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schools and provide a means for practical and useful education? Was it a plan of building modern tenement houses along scientific and sanitary lines? Was it called to provide funds for scientific research of various kinds that would add to human knowledge and prove a benefit to mankind ? No, it was none of these. This body met to determine whether the crook in a certain bulldog's tail was natural or had been produced artificially. Should the Savior come to-day and preach the same gospel that He taught before, society would see that His experience was repeated. Now and then it blinks stupidly and cries, “Away with Him!” or it stops its game long enough to pass gall and vinegar on a spear to One it has thrust beyond the pale. For the woman who has loved much society has but one verdict: crucify her! The best and the worst are hanged on one tree. In the abandon of a great love there exists a godlike quality which places a woman very close to the holy of holies, yet such a one, not having complied with the edicts of society, is thrust unceremoniously forth, and society, Pilate-like, washes its hands in innocency.
ManajocRATES was once asked
by a pupil, this question: “What kind of people shall we be when we reach
Elysium?” \ And the answer was this:
"We shall be the same kind of people that we
were here.” If there is a life after this, we are preparing for it now, just as I am to-day preparing for my life to-morrow. What kind of a man shall I be to-morrow? Oh, about the same kind of a man that I am now. The kind of a man that I shall be next month depends upon the kind of a man that I have been this month. If I am miserable to-day, it is not within the round of probabilities that I shall be supremely happy to-morrow. Heaven is a habit. And if we are going to Heaven we would better be getting used to it. Life is a preparation for the future; and the best preparation for the future is to live as if there were none. We are preparing all the time for old age.
The two things that make old age beautiful are resignation and a just consideration for the rights of others. In the play of Ivan the Terrible, the interest centers around one man, the Czar Ivan. If anybody but Richard Mansfield played the part, there would be nothing in it. We simply get a glimpse into the life of a tyrant who has run the full gamut of goosedom, grumpiness, selfishness and grouch. Incidentally this man had the power to put other men to death, and this he does and has done as his whim and temper might dictate. He has been vindictive, cruel, quarrelsome, tyrannical and terrible. Now that he feels the approach of death, he would make his peace with God. But he has delayed that matter too long as He did n't realize in youth and middle life that he was then preparing for old age. Man is the result of cause and effect, and the causes are to a degree in our hands. Life is a fluid, and well has it been called the stream of life—we are going, flowing somewhere.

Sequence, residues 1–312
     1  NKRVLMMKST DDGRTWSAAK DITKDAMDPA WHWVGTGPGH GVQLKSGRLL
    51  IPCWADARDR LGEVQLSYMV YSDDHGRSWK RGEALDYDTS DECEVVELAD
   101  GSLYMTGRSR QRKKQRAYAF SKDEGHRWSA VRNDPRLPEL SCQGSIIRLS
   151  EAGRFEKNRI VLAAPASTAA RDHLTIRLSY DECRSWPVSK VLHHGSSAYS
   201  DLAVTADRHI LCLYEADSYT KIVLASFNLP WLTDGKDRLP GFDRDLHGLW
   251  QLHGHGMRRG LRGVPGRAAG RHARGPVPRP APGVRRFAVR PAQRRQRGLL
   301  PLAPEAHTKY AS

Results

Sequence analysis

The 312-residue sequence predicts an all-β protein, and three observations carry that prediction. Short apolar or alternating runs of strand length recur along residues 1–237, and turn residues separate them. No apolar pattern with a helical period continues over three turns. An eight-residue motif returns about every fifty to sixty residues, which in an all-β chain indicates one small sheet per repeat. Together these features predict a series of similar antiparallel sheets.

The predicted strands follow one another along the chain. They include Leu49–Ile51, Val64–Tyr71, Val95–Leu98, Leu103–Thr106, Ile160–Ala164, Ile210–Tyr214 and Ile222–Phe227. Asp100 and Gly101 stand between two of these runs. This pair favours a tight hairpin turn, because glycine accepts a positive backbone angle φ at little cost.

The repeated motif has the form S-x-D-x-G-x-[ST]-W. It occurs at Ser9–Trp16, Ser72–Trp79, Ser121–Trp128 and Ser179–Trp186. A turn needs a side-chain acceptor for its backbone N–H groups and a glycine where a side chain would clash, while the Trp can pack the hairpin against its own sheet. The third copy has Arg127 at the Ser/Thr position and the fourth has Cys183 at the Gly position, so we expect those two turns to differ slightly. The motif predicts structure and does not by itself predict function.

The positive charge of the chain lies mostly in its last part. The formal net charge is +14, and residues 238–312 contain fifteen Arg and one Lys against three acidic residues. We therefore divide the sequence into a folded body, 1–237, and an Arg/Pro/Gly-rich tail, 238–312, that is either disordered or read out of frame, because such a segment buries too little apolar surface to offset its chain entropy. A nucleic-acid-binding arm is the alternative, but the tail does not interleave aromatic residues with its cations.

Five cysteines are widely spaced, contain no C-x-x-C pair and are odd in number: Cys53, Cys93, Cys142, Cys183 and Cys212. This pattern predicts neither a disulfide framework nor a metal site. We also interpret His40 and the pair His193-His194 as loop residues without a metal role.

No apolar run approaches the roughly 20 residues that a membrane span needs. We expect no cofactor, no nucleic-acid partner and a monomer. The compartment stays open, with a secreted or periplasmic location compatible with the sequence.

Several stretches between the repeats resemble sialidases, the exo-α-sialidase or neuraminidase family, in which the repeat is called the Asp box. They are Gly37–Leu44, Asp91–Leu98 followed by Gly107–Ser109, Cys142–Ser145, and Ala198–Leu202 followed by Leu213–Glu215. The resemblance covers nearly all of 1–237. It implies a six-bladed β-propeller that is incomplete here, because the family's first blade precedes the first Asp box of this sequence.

Strip Ivan of his robes and crown, and he might be an old farmer and live in Ebenezer. Every town and village has its Ivan. To be an
Ivan, just turn your temper loose and practise cruelty on any person or thing within your reach, and the result will be a sure preparation for'a querulous, quarrelsome, pickety, snipity, fussy and foolish old age, accented with many outbursts of wrath that are terrible in their futility and ineffectiveness. Babyhood has no monopoly on the tantrum. The characters of King Lear and Ivan the Terrible have much in common. One might almost believe that the writer of Ivan had felt the incompleteness of Lear, and had seen the absurdity of making a melodramatic bid for sympathy in behalf of this old man thrust out by his daughters. Lear, the troublesome, Lear to whose limber tongue there was constantly leaping words unprintable and names of tar, deserves no soft pity at our hands. All his life he had been training his three daughters for exactly the treatment he was to receive. All his life Lear had been lubricating the chute that was to give him a quick ride out into that black midnight storm. “Oh, how sharper than a serpent's tooth it is to have a thankless child,” he cries.
There is something quite as bad as a thankless child, and that is a thankless parent-an irate, irascible parent who possesses an underground vocabulary and a disposition to use it. The false note in Lear lies in giving to him a daughter like Cordelia. Tolstoy and Mansfield ring true, and Ivan the Terrible is what he is without apology, excuse or explanation. Take it or leave it—if you do not like plays of this kind, go to see Vaudeville. Mansfield's Ivan is terrible. The Czar is not old in years—not over seventy-but you can see that Death is sniffing close upon his track. Ivan has lost the power of repose. He cannot listen, weigh and decide—he has no thought or consideration for any man or thing—this is his habit of life. His bony hands are never still—the fingers open and shut, and pick at things eternally. He fumbles the cross on his breast, adjusts his jewels, scratches his cosmos, plays the devil's tattoo, gets up nervously and looks behind the throne, holds his breath to listen. When people address him, he damns them savagely if they kneel, and if they stand upright he accuses them of lack of respect. He asks that he be relieved from the cares of